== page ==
With federal subsidies for ethanol, wind energy and other alternative energies targeted for possible cuts, many in Kansas' congressional delegation say they won't defend them.
Most want to reduce the subsidies, while at least one wants to eliminate them altogether.
Observers say this marks a change for a state whose members of Congress have long worked to support farmers and industry through government subsidies.
These subsidies directly benefit thousands of the state's farmers either through higher crop prices or through the possibility that a wind farm will be built on their land.
State government considers alternative energy a key growth industry for the future. Gov. Sam Brownback, a conservative Republican, supports ethanol and wind power as a way to boost the state's economy largely the same stances as the previous Democratic administrations.
Congress might also be turning away from earlier efforts to reduce dependence on foreign oil.
"The issue of alternative energy is not in a vacuum," said Bob Beatty, a professor at Washburn University. "It's tied to foreign policy and can we cut our need for foreign oil through new technologies."
But since the 2010 election, security and job programs have taken a backseat to budget cutting on many agendas.
"Winds have shifted; they're looking for places to cut," said Ken McCauley, a farmer in Doniphan and Brown counties who sits on the Kansas Corn Growers Association board.
He noted that most of the Kansas delegation, like a lot of politicians from other farm states, are interested in figuring out a way to keep something. And, he said, so are farmers.
"We feel we are able to cut some things in agriculture, but we're really only one season away from needing some support again," he said.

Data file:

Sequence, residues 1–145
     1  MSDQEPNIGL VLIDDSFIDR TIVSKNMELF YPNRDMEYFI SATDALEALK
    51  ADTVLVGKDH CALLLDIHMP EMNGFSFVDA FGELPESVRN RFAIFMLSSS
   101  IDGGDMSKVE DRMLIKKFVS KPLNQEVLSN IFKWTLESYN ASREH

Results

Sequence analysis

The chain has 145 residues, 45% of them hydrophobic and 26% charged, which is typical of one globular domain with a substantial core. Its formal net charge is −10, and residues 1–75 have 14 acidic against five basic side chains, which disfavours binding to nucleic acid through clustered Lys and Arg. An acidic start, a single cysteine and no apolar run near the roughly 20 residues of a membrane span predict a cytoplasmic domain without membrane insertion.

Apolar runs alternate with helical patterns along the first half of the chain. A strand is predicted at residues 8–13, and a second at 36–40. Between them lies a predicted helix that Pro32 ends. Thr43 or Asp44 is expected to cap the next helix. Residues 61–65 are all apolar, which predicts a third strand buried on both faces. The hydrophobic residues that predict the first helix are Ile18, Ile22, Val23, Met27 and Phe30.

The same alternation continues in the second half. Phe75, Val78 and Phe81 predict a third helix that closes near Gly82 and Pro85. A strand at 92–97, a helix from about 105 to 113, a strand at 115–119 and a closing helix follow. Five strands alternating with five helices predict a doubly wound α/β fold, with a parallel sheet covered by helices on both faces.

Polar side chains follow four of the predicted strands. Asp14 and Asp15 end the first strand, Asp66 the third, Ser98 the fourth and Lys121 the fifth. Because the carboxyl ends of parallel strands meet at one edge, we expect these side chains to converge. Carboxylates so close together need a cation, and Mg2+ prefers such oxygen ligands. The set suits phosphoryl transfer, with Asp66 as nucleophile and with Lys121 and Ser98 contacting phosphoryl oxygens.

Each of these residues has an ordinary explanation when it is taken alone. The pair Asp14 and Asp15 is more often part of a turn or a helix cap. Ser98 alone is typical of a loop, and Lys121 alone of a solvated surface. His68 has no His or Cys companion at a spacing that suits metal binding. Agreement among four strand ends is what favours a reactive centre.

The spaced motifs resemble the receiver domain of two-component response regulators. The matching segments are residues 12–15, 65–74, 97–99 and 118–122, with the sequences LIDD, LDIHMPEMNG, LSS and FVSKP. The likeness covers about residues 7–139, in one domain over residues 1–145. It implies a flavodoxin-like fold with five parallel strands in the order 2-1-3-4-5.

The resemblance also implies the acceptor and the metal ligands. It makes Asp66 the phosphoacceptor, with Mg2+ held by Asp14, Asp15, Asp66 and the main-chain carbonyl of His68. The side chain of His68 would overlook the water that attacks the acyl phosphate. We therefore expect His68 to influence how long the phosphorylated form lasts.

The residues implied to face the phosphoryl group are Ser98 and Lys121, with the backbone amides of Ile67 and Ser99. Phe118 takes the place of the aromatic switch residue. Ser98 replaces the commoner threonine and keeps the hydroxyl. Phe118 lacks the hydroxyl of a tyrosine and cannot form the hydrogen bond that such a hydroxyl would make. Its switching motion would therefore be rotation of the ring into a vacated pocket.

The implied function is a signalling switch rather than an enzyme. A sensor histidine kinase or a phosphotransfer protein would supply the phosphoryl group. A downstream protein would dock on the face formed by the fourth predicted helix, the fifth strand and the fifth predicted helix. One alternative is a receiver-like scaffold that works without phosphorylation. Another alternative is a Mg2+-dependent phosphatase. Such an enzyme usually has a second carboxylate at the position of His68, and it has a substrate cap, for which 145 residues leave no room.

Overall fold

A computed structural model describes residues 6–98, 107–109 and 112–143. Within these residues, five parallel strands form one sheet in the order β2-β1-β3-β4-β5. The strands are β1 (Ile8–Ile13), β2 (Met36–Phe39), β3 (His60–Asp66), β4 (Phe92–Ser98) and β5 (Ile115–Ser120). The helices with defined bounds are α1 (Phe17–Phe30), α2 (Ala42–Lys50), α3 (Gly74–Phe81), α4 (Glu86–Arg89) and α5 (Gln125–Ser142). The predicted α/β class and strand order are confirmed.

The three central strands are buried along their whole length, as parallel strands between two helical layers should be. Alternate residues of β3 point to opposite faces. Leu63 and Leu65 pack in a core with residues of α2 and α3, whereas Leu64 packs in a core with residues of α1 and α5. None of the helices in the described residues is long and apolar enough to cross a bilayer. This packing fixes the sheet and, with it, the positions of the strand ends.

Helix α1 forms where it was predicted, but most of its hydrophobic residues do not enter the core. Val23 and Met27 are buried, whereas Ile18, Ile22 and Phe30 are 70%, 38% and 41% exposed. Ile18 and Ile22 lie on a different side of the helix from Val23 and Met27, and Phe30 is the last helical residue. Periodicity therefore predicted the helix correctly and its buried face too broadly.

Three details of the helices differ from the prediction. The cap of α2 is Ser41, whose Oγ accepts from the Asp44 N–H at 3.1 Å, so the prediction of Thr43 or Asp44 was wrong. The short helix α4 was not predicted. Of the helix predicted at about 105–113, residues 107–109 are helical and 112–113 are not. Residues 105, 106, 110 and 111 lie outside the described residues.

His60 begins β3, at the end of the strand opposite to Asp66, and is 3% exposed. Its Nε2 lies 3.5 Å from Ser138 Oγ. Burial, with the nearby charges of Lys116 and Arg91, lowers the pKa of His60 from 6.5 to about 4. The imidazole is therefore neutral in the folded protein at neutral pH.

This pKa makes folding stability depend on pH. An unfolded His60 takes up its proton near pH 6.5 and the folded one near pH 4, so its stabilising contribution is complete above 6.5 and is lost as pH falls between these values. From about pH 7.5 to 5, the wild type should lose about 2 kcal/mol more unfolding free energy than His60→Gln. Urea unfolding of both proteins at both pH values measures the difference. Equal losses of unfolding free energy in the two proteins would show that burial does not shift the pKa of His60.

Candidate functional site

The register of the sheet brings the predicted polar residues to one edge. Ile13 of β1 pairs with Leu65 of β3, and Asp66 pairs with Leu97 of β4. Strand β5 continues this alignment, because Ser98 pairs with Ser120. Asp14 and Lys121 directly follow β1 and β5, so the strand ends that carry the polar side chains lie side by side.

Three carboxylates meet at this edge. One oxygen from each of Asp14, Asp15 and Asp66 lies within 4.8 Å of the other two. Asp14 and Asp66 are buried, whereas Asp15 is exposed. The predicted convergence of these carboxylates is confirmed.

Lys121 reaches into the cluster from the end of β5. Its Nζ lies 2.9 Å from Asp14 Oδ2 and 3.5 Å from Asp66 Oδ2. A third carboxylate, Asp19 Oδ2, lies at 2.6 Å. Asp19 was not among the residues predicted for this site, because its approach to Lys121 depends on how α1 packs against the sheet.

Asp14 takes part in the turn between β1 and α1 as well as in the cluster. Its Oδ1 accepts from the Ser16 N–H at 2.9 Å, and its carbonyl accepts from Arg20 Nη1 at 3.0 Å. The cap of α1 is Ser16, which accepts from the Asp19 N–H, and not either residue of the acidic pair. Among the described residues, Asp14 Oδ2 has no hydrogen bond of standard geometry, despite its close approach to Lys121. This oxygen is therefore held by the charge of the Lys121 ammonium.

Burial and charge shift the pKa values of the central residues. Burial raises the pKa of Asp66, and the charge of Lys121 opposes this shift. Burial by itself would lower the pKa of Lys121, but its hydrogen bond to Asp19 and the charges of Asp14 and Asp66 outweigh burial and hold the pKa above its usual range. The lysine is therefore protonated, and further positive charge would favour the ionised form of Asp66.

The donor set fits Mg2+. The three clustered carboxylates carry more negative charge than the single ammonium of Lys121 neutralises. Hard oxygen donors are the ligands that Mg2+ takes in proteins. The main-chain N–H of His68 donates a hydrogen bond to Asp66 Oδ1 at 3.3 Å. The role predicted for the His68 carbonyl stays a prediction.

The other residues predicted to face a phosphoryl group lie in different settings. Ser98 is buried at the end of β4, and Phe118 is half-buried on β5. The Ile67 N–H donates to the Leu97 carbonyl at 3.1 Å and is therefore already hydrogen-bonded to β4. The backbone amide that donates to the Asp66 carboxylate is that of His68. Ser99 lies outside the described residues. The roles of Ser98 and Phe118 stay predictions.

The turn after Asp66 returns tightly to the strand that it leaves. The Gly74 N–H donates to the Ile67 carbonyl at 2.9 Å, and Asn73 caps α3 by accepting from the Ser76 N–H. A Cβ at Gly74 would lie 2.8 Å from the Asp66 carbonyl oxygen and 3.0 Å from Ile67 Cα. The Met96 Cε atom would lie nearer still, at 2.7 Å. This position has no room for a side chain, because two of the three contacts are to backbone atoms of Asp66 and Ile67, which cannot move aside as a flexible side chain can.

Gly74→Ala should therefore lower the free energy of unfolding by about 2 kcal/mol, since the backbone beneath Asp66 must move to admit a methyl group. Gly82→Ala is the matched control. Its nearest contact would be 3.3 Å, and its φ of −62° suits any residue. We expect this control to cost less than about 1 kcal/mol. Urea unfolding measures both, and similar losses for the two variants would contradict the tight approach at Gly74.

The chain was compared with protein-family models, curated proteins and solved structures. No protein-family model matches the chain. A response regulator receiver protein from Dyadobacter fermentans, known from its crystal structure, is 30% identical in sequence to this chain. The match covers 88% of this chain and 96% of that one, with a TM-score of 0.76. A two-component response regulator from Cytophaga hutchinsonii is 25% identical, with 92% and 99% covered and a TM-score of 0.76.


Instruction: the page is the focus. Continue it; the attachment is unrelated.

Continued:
And, he added, the pain should be shared.
"There is a lot of oil subsidies and oil money, so we don't think they should just cut one side of this."
Sen. Pat Roberts voted twice this year against bills to block ethanol subsidies.
Roberts said the ethanol industry and Congress understand that the tax credits won't be extended after they expire in December. He backs the industry's proposal to give up its main tax subsidy: the 45-cent-per-gallon of ethanol credit called the Volumetric Ethanol Excise Tax Credit. The industry wants to use some of that money for deficit reduction and some to encourage retailers to install pumps that use higher levels of ethanol.
Giving the ethanol industry direct access to consumers independent of the oil companies is key to their survival, Roberts said.
On wind, he said he opposes a measure called the Renewable Energy Standard that requires utilities all over the country to use a certain percentage of wind-generated electricity, although he has supported other wind tax credits.
Renewing the production tax credit for wind farms in 2012 will be difficult, he said.
"We'll see," he said in an e-mail.
Roberts said he is generally not in favor of cutting tax incentives for traditional oil and gas drilling. He said that, just as with ethanol and wind, he thinks it makes sense to use the tax code to boost the energy supply.